Schools often accept donations of old computers and other electronics.
Contact a local homeless shelter or donation center to see about donating furniture, electronics, cars, and any other items you're finished using.
Reuse containers. Durable containers can be reused a number of times before they need to go out with the garbage or recycling. Bottles, boxes and bags can all serve a second purpose if you know how to use them.
Use paper bags to hold recyclables, if you don't have a bin. You can also use them to fashion book protectors - a flashback to grade school days.
Reuse paper by printing on both sides, or letting your children draw on the back of used paper.
Use food-grade glass containers (that didn't previously contain anything toxic) to store dry goods and leftovers.
Plastic containers are fine to use for storage, but be careful about reusing them too many times to store food. Plastic, even if it's food-grade plastic, can eventually break down and start leaching chemicals into the food.
Follow your city's recycling policies. In some places you need to sort plastic, glass, and paper recyclables and and turn them in separately, while other cities allow you to place all recyclables in the same bin and be done with it. Some cities provide recycling pickup, while other places have a recycling center where you can drop everything off. Check your city's website and follow its policy regarding proper recycling.
In general, the following household waste can be recycled:
Plastic containers numbered 1 - 7
Paper products like computer paper, egg cartons, newspaper, and cardboard
Aluminum cans, aluminum foil
Dispose of trash and hazardous waste properly. There are some household items that just can't be recycled or reused. These items have to be thrown out with the trash or disposed of at a hazardous waste facility. Try to reduce your consumption of the following items, and when you do use them, dispose of them according to your city's laws:
TVs, computers, and other electronics
Save your food scraps and yard cuttings from the trash. Food scraps and yard cuttings don't need to be thrown out. Instead, you can compost them and turn them into rich, nutritious soil that can be used to nourish your garden - or donated to someone else who will be able to use it for theirs. There are many ways to compost; some compost mixtures allow for items like meat and dairy to be included, while others are strictly for fruit and vegetable scraps. To start a basic compost pile, save these items:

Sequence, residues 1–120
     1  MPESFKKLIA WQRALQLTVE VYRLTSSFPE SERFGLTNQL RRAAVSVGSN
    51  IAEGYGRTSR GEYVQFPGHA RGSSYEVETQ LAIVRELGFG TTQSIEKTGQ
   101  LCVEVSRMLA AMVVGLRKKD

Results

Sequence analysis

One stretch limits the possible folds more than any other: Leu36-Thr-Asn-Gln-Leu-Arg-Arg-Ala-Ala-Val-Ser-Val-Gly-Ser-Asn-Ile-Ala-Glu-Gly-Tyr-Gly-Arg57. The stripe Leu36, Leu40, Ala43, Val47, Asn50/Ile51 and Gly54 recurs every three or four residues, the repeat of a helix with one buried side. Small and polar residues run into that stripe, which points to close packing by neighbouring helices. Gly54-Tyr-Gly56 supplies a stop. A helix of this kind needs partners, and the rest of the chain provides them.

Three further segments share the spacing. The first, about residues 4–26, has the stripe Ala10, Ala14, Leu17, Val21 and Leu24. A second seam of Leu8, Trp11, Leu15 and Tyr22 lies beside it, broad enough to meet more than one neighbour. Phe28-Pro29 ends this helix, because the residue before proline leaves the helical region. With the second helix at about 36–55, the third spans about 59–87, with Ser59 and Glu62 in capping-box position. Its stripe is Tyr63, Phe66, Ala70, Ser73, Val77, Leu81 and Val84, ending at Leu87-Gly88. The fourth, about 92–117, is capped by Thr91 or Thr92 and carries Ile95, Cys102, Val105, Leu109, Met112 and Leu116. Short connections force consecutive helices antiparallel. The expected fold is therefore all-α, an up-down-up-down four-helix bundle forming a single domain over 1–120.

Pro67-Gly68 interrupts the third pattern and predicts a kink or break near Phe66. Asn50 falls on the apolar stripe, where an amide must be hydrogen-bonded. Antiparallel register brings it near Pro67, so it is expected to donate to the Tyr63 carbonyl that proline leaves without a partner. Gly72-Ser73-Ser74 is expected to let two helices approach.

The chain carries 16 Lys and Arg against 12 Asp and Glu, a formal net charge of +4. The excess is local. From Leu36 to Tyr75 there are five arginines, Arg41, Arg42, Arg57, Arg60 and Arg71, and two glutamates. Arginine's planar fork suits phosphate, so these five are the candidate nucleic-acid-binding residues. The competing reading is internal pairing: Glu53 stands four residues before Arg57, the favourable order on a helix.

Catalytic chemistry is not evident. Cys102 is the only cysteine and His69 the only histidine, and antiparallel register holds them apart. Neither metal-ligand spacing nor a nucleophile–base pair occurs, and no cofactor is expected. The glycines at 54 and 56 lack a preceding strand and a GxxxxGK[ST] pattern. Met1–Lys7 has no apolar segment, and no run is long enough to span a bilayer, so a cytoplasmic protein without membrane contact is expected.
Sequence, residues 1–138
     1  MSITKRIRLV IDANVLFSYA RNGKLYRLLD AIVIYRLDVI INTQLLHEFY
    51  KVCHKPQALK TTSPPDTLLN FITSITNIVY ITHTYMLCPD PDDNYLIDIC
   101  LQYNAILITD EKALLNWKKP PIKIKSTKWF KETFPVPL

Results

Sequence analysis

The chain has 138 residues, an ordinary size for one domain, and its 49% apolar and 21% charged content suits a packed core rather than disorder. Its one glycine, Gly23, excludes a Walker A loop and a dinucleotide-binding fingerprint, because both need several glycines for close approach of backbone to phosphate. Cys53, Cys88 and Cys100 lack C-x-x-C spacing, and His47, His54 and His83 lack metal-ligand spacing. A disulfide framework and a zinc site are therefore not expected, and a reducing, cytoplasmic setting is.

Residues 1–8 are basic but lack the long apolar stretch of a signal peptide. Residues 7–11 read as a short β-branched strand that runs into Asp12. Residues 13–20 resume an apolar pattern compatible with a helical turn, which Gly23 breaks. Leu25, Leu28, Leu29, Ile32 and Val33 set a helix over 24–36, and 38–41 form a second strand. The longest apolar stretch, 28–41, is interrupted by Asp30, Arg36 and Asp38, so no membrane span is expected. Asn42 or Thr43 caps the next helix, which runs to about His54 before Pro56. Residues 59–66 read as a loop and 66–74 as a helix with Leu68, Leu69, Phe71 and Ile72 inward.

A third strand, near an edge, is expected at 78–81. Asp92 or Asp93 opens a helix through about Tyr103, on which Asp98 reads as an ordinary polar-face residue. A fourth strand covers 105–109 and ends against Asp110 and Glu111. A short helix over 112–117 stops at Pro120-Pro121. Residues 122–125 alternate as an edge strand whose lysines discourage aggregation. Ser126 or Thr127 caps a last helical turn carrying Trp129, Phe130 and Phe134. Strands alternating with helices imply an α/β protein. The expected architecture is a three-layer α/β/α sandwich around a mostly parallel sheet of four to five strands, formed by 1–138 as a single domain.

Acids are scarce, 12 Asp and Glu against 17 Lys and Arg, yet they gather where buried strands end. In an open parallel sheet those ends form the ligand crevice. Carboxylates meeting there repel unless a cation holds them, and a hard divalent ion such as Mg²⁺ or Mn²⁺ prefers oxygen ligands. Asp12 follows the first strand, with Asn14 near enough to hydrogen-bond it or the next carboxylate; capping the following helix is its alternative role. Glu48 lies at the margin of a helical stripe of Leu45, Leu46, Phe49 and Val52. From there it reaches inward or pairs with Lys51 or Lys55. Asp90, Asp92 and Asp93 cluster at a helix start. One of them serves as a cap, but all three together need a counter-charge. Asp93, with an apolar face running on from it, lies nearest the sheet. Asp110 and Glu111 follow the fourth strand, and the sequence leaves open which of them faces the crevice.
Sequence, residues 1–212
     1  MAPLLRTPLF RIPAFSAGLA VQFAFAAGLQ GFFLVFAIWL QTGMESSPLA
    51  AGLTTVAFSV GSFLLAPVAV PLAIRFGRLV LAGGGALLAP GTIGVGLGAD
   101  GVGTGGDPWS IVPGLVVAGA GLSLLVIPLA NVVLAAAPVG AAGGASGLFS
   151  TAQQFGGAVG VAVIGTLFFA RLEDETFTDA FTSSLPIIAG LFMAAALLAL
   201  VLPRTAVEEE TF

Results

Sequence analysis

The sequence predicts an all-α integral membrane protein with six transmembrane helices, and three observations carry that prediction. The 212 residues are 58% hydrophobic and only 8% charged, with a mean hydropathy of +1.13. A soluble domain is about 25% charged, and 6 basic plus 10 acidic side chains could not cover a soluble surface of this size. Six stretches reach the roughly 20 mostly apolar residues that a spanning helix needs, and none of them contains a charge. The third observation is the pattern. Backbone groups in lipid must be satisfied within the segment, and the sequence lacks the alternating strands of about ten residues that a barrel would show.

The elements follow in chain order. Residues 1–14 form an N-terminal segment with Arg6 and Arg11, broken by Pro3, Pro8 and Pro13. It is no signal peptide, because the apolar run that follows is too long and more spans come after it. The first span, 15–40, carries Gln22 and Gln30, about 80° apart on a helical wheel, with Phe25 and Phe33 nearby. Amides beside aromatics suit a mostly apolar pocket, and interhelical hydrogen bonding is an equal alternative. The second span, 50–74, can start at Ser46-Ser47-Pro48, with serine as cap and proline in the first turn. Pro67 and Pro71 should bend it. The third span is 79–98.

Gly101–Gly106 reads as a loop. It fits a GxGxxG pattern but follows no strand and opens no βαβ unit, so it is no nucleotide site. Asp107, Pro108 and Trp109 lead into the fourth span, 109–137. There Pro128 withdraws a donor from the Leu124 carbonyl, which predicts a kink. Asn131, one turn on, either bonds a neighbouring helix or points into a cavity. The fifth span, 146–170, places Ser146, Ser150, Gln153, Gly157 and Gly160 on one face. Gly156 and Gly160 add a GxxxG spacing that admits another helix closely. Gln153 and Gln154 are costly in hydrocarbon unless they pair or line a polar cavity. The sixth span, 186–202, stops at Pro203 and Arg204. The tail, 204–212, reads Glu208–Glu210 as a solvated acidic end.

Green items, which break down quickly, like raw vegetable peelings, coffee grounds, tea bags, grass cuttings, leaves
Brown items, which break down slowly, like sticks and branches, paper, cardboard, eggshells, sawdust
Create a compost site. Select an area in a sunny or partially shaded spot in your yard for your compost site. Ideally, you'll compost directly over dirt or grass, but if you don't have a large yard area, you can compost on a concrete patio. Here are a few different ways you can structure your compost site:
Make a compost pile. This is the simplest way to compost. All you have to do is make a pile in your yard. It should be located well away from your house, since composting sometimes attracts mice and insects.
Make a compost box. You can construct a box made to the exact dimensions that suit your needs.
Buy a compost bin. They're available at most home and garden stores, and come in a variety of different shapes and sizes.
Choose to make either a cold or hot compost heap. Making a cold heap requires less effort, but it takes longer for the compost to be ready. Making a hot heap requires a little work, but you'll have compost in as little as 6 - 8 weeks. Here's the difference:
To make a cool compost heap, fill your bin with a few inches of both green and brown materials. Keep piling more in whenever you need to get rid of food scraps or toilet paper rolls. When the bin is full, leave it to compost. It may take up to a year to full compost, but you can use the compost forming at the bottom of the bin as needed.
To make a hot compost heap, mix your green and brown materials well, and fill your bin all the way up (or heap up a big pile). It will warm up and get hot to the touch; when this happens, stir it up, and it will cool. When it heats up again a few days or weeks later, stir it up again. Keep doing this until it stops heating up after you stir, then let it rest to finish composting.
Maintain your compost site. If it seems to be rotting too fast and turning slimy, add more brown items to slow it down. If it seems to be too dry to work its magic, add some water or more green items. The more effort you put into tending to your compost site, the faster you'll have usable compost.
Use your compost when it's ready. You'll know your compost is ready when it turns a rich brown or black color and takes on an earthy smell. Your compost can be used to fertilize your vegetable or flower garden, or you can simply spread it around your yard to give your grass and other plants a nutrition boost.